Once you put details next to your dreams, like the how's and the when's, you'll see that they're much more reachable than you might have ever thought. For this particular point, the when is the key. Even if you have to get a cute planner to schedule and write down time you'll work on your business in the morning, on your lunch break, and whenever you see fit, you'll find that you're inching closer toward your goal; even if it is slowly but surely.

Don't Be Afraid To Ask For Help

At some point, as your business grows, you're going to need help; especially while you're working your full-time job. I love that within my group of friends, all of us have different strengths, and we let each other capitalize off of them. Whether it's me editing one of their blog posts or them helping me sit down and focus on my brand image, it's not a bad thing to use other's strengths in areas where you might be lacking; especially if you're offering your own services too.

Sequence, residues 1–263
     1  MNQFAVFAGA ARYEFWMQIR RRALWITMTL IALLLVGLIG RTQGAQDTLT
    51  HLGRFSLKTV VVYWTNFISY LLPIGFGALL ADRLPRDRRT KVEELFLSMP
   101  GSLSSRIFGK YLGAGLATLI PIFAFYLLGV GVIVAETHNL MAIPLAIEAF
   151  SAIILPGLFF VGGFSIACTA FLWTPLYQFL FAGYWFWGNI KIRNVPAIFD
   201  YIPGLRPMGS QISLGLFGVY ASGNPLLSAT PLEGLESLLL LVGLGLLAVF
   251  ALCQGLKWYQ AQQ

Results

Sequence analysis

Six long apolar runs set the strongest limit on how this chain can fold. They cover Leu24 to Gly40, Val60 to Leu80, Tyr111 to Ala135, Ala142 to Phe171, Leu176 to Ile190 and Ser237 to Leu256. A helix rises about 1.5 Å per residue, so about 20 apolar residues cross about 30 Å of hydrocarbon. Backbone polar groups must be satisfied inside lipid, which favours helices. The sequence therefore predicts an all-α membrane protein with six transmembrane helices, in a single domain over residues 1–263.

Related: 5 Women Share How They Found Their Mentors & How It Changed Their Lives

Another way you can ask for help is to find a mentor. While your business idea is a unique one that will bring something special that no one else can offer, it's pretty likely that someone else has already accomplished something similar. Whether it's in a different industry or with a different target market, don't be afraid to reach out to someone and ask them to guide you along until you take off the training wheels.

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Rock That Budget